AdvocateKhoj
Login : Advocate | Client
Home Post Your Case My Account Law College Law Library
    

Supreme Court Judgments


Latest Supreme Court of India Judgments 2018

Subscribe

RSS Feed img




Rameshwar Dayal Mangla @ Ramesh Chand Vs. Harish Chand & ANR. [2009] INSC 555 (18 March 2009)

Judgment

IN THE SUPREME COURT OF INDIA CIVIL APPELLATE JURISDICTION CIVIL APPEAL NOS.1694-1695 OF 2009 (Arising out of SLP (C) Nos.17497-17498 of 2008) Rameshwar Dayal Mangala @ Ramesh Chand ..Appellant Versus Harish Chand & Anr. ..Respondents

Dr. ARIJIT PASAYAT, J.

1.     Leave granted.

2.     These appeals are directed against the judgment of a learned Single Judge of the Punjab and Haryana High Court disposing of an appeal filed under Section 100 of the Code of Civil Procedure, 1908 (in short `CPC').

3.     The respondent as plaintiff has filed a suit for mandatory injunction. The appellant filed written statement refuting the assertions by the plaintiff. Replication was filed by the respondent. The trial court framed 11 issues and learned Subordinate Judge, 1st class, Palwal, decided issue nos. 1, 2 and 10 in favour of the respondent decreeing the suit in mandatory injunction. An appeal was preferred by the appellant which was decided by learned Additional District Judge, Faridabad, and was allowed.

Questioning the judgment and decree passed by the First Appellate Court, second appeal was filed which was allowed by the impugned judgment. It is to be noted that cross objection was also filed in terms of Order 41 Rule 22 CPC. Though many points have been urged in support of the appeal, the primary stand is that the second appeal was allowed without formulating any substantial question of law. Learned counsel for the respondent submitted that though question of law was not formulated, after analysing evidence and applicable principles of law the High Court has allowed this appeal.

4.     Section 100 of CPC deals with "Second Appeal". The provision reads as follows:

"Section 100 - Second Appeal: (1) Save as otherwise expressly provided in the body of this Code or by any other law for the time being in force, an appeal shall lie to the High Court from every decree passed in appeal by any Court subordinate to the High Court, if the High Court is satisfied that the case involves a substantial question of law.

(2) An appeal may lie under this section from an appellate decree passed ex parte.

(3) In an appeal under this Section, the memorandum of appeal shall precisely state the substantial question of law involved in the appeal.

(4) Where the High Court is satisfied that a substantial question of law is involved in any case, it shall formulate that question.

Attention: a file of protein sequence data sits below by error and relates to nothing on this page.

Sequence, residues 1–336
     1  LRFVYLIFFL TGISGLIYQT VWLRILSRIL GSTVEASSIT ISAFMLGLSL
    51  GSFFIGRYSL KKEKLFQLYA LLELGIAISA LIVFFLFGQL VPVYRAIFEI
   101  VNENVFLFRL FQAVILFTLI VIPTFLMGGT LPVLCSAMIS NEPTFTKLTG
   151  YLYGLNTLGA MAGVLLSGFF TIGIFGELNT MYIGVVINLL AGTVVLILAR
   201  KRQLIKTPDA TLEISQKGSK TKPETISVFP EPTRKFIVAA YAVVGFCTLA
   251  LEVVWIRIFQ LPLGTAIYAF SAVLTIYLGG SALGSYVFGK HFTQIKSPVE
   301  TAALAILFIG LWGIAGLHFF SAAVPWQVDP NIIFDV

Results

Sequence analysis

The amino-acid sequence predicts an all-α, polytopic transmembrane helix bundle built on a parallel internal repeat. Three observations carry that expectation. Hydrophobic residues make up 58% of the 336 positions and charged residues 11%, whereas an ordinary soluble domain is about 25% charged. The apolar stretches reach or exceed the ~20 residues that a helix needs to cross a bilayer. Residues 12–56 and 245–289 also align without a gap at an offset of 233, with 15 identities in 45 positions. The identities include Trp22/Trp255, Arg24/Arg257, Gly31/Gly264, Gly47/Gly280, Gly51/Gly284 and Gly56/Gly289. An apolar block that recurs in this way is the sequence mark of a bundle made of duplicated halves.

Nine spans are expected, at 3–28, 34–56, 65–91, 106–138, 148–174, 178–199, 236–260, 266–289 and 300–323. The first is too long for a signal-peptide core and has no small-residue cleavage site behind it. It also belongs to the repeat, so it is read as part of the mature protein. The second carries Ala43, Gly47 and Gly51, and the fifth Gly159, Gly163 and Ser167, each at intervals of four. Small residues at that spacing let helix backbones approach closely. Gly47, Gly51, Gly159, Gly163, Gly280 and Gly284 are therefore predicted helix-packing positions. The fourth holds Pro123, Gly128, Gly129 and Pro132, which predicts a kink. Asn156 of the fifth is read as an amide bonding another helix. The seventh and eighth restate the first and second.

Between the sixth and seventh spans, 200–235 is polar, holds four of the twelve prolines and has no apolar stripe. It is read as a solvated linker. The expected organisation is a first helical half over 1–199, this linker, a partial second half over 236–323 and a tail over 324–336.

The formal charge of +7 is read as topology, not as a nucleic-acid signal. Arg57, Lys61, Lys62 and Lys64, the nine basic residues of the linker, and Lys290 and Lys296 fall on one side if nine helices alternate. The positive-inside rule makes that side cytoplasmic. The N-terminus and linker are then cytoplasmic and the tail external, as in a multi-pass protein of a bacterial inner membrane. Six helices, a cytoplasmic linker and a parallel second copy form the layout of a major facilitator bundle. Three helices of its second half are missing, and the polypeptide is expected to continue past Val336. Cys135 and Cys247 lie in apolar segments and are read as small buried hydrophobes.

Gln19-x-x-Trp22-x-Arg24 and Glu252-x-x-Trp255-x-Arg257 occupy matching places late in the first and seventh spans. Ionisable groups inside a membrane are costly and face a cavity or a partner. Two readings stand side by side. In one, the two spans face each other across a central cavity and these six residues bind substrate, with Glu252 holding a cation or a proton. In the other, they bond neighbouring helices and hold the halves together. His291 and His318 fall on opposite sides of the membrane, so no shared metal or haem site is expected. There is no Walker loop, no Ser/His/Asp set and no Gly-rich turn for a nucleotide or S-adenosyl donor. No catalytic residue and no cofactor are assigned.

(5) The appeal shall be heard on the question so formulated and the respondent shall, at the hearing of the appeal, be allowed to argue that the case does not involve such question:

Provided that nothing take away or abridge the power of the question of law, not formulated by it, if it is satisfied that the case involves such question."

5.     A perusal of the impugned judgment passed by the High Court does not show that any substantial question of law has been formulated or that the second appeal was heard on the question, if any, so formulated. That being so, the judgment cannot be maintained, which is set aside and remitted back to the High Court for proceeding in the matter in accordance with law and in terms of observations made herein.

6.     In Ishwar Dass Jain v. Sohan Lal (2000 (1) 5CC 434), this Court in para 10, has stated thus:

"10. Now under Section 100 CPC, after the 1976 Amendment, it is essential for the High Court to formulate a substantial question of law and it is not permissible to reverse the doing so."

7.     Yet again in Roop Singh v. Ram Singh (2000 (3) SCC 708), this Court has expressed that the jurisdiction of a High Court is confined to appeals involving substantial question of law. Para 7 of the said judgment reads:

"7. It is to be reiterated that under Section 100 CPC of the High Court to entertain a second appeal is confined only to such appeals which involve a substantial question of law and it does not confer any jurisdiction on the High Court to interfere with pure questions of fact while exercising its jurisdiction under section 100 CPC."

8.     The position has been reiterated in Kanhaiyalal and Ors. v. Anupkumar and Ors. (2003 (1) SCC 430), Mathakala Krishnaiah v. V. Rajagopal (2004 (10) 5CC 676), Smt. Ram Sakhi Devi v. Chhatra Devi & Ors. (JT 2005 (6) SC 167), Sasikumar & Ors. v. Kunnath Chellapan Nair & Ors. (2005 (12) SCC 588), Gian Dass v. The Gram Panchayat Village Sunner Kalan & Ors. (2006 (6) 5CC 271), Shah Mansukhlal Chhaganlal (d) through Lrs. v. Gohil Amarsing Govindbhai (d) through Lrs. (2006 (13) SCALE 99).

9.     The appeals are allowed and the impugned order is set aside. The matter is remitted to the High Court to rehear the Second Appeal, keeping in view the position in law set out above. There will be no order as to costs.

........................................J. (Dr. ARIJIT PASAYAT)

........................................J.

 Back


 



Client Area | Advocate Area | Blogs | About Us | User Agreement | Privacy Policy | Advertise | Media Coverage | Contact Us | Site Map
powered by nubia  |  driven by neosys